A veteran Fort Lauderdale patrolman says he was penalized for not issuing enough tickets and marking enough arrests.
Fort Lauderdale police are investigating claims that its own officers are being pressured by supervisors to hand out tickets and make ”unnecessary” arrests as part of a department-wide quota system to boost arrest numbers.
”It’s all about numbers for them,” he said. “An arrest is an arrest. They don’t care if it’s an arrest for murder or for someone drinking a Natural Ice on a bench.’ ‘Sgt. Frank Sousa, a department spokesman, vehemently denies any type of quota system, saying instead there is a department-wide “performance standard.” ”A performance standard is an expectation, where a quota is a mandate,” he said. “You need a standard to measure your employees and evaluate what they’re doing.”
Hennessy, 52, says he is being unfairly punished because he did not make enough arrests.
No more take-home car. No more overtime shifts. No more voluntary details.
In all, Hennessy said, that amounts to thousands of dollars he’s losing.
”It is literally an economic death sentence for the average police officer,” he said.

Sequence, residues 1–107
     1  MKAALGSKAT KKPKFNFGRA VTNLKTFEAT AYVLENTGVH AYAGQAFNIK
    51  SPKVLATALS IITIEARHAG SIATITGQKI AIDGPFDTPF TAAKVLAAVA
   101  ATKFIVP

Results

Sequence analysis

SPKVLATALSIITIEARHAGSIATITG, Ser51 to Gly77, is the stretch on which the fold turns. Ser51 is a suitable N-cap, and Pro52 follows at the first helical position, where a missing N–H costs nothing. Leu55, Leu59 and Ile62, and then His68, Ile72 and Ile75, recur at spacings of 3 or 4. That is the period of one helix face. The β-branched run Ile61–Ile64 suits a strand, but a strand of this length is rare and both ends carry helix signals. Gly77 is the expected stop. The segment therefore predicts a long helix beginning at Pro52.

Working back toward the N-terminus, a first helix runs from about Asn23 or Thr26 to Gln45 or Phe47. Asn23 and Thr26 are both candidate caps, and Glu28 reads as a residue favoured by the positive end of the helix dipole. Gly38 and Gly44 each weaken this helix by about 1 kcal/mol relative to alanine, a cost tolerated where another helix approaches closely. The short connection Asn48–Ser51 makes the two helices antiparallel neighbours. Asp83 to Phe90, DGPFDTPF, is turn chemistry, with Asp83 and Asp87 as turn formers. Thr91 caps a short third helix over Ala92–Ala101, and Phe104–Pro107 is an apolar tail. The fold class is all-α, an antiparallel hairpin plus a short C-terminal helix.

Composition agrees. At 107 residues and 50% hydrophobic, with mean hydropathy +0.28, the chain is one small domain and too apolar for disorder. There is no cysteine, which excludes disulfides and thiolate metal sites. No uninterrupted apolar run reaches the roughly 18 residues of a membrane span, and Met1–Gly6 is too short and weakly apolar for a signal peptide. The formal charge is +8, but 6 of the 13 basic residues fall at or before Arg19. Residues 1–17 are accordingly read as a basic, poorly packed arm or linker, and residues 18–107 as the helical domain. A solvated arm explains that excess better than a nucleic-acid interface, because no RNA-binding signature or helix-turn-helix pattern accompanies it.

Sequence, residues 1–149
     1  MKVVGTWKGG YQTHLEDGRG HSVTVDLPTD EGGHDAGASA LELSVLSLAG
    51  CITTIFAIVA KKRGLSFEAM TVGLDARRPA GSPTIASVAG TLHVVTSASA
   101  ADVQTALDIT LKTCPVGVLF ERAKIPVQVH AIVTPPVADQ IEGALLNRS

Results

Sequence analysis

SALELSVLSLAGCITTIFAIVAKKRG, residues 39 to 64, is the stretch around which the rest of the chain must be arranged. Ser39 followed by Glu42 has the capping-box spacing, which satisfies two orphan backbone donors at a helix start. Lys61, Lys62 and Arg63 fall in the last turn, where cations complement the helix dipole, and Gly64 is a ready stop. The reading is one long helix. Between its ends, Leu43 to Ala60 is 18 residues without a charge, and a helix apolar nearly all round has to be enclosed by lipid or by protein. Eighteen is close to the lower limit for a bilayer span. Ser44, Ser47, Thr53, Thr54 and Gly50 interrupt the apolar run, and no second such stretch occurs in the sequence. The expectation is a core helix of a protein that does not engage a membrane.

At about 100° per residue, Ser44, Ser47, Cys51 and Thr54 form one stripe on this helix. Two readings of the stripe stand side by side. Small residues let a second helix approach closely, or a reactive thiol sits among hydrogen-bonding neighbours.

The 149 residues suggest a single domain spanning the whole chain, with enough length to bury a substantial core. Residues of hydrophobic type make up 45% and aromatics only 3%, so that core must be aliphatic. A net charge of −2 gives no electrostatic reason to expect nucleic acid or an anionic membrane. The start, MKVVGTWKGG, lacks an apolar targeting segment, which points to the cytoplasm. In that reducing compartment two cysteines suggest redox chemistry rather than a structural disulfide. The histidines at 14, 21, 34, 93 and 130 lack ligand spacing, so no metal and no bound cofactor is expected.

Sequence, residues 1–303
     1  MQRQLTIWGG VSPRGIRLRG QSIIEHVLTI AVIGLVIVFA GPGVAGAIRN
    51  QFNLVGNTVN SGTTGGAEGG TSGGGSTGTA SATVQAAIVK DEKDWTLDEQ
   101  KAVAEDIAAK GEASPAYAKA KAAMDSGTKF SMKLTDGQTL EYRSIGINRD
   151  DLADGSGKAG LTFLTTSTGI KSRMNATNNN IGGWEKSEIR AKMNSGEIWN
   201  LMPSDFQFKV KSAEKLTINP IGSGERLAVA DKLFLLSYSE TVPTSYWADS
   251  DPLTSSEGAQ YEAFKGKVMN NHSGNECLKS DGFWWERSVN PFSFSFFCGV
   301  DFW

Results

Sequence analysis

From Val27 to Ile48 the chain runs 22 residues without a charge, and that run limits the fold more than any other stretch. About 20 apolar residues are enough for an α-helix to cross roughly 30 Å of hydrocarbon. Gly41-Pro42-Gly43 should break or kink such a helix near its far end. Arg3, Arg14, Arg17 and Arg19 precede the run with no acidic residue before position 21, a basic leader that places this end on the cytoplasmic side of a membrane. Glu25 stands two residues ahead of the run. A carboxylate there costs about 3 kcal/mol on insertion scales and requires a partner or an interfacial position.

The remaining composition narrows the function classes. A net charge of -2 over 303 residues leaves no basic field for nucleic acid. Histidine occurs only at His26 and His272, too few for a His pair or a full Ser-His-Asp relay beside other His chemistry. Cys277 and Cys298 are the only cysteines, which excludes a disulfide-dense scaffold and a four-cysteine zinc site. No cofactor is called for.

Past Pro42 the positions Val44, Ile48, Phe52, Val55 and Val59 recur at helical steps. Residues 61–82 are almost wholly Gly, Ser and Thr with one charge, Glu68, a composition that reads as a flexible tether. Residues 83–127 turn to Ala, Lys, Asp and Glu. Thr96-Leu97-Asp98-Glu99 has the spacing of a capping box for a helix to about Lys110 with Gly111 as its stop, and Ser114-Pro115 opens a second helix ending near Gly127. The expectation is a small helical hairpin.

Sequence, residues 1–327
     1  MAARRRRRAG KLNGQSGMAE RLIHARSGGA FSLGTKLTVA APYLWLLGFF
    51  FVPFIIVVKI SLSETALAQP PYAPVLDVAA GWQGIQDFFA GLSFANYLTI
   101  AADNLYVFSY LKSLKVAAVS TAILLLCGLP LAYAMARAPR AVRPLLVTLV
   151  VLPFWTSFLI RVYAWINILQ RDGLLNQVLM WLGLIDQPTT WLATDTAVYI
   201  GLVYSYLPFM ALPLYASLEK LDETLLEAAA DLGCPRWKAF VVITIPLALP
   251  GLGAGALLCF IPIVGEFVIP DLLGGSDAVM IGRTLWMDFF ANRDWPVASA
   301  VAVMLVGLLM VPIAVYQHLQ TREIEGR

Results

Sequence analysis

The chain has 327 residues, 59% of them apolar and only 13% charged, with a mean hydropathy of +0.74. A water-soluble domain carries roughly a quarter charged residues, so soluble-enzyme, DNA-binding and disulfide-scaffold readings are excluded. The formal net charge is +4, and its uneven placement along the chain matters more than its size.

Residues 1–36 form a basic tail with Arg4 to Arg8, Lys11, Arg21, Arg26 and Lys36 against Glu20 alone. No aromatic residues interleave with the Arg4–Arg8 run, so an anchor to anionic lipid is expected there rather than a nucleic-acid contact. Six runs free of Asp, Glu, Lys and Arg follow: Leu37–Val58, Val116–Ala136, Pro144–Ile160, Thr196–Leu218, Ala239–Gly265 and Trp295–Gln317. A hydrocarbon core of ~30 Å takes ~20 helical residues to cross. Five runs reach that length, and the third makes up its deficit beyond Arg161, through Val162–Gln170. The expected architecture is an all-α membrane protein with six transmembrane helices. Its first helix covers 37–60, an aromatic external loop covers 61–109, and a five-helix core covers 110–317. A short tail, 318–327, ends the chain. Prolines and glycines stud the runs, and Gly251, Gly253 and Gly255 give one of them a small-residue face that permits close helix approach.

ANSARA RESPONDS: Some would argue that a quota system for the Fort Lauderdale Police, or any other agency, will only help increase the number of arrests thus making our streets safer for the citizens these officers are sworn to protect. However, history has shown that the practice of forcing law enforcement to make arrests or issue citations may lead to unnecessary harassment of the public and generally bad policing.
The Fort Lauderdale Police Department consists of individuals who are forced to use their own judgment and experience on a daily basis. It is this “individual judgment” that enables the Fort Lauderdale police to make arrests that they believe are proper. Quotas will simply lead to law enforcement using their arresting powers as a means to keep their jobs. No longer will the Fort Lauderdale Police be motivated by the thought that they are fighting crime, but the thought keeping their job.
The Fort Lauderdale Police Department is now claiming that they do not use “quotas” but instead “performance standards.” I believe the Fort Lauderdale Police Department is treading on dangerous ground. Are performance standards really different from quotas? I believe the Fort Lauderdale Police Department knows the answer to that question, however they will continue to hide behind the notion that “performance standards” are not quotas.
The residents of Broward County, specifically Fort Lauderdale should all question; Will I be the next victim of Fort Lauderdale Police Department’s performance standard?